Purpose: To assess the feasibility and safety of the endovascular aneurysm sealing (EVAS) technique in the treatment of acute abdominal aortic aneurysm (AAA). Methods: A retrospective, multicenter, observational study was conducted at 8 centers (7 European and 1 in New Zealand) experienced with EVAS in the elective setting. From February 2013 to April 2015, 58 patients (mean age 74±9 years; 46 men) with an acute AAA were treated (28 ruptured and 30 symptomatic). The primary endpoint of the study was 30-day mortality; secondary endpoints included endoleak, reinterventions, and 30-day morbidity. Results: The overall intensive care unit and hospital stays were 2.2±6.6 days and 9.7±11.4 days, respectively. Thirty-day mortality rates were 32% (9/28) for the ruptured group and 7% (2/30) for the symptomatic group, with morbidity rates of 57% and 17%, respectively. Early endoleak was present in only 2 (3%) patients, one in each group; both leaks were type Ia. Reinterventions within 30 days were performed in 8 patients in the ruptured group; in the symptomatic patients, the only perioperative reintervention was embolization a type Ia endoleak. The mean follow-up was 9.3±3.1 months in the ruptured group and 12.4±5.4 months in the symptomatic group. The mean aneurysm diameter at 30-day follow-up was 71.8±16.0 mm compared with 74.7±15.7 mm preoperatively in the ruptured group and 66.1±13.5 mm compared with 65.8±13.0 mm in the symptomatic group. Conclusion: EVAS in the acute setting appears safe and feasible and concordant with the literature for endovascular aneurysm repair. More robust prospective and comparative data are required to establish the position of the technique in the treatment algorithm of acute AAA.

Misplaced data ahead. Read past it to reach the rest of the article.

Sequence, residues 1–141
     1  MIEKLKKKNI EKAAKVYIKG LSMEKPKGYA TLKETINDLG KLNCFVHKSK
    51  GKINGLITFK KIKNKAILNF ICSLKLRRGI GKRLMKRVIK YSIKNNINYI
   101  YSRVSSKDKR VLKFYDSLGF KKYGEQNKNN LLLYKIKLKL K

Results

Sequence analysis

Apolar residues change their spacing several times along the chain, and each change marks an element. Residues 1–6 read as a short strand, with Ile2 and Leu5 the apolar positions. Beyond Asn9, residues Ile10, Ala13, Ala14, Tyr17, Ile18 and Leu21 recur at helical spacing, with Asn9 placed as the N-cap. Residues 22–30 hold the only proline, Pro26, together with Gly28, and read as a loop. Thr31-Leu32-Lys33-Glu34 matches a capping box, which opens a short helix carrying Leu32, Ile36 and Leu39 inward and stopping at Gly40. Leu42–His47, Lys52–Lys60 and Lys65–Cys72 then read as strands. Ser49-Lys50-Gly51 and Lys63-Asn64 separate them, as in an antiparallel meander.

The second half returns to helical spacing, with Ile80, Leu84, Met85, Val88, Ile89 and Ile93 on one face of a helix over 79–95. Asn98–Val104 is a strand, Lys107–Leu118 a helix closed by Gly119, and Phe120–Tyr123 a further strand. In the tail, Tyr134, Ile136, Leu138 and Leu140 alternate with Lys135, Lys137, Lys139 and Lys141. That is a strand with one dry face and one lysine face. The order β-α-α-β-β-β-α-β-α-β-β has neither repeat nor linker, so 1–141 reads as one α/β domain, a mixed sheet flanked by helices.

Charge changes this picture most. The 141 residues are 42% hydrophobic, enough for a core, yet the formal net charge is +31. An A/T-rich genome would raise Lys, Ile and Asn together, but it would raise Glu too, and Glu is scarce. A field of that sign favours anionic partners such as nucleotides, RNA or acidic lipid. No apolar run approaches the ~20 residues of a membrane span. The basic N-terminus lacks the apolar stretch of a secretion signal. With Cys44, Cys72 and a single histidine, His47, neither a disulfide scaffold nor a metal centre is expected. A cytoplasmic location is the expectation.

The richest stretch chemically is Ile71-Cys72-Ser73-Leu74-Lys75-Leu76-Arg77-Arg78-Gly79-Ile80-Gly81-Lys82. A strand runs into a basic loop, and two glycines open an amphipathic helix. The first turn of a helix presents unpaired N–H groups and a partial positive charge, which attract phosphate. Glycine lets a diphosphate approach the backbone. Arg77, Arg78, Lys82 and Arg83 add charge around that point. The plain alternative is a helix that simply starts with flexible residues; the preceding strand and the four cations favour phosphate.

- Abdominal aortic aneurysm
- Endovascular aneurysm sealing
- Ruptured aneurysm
- Symptomatic aneurysm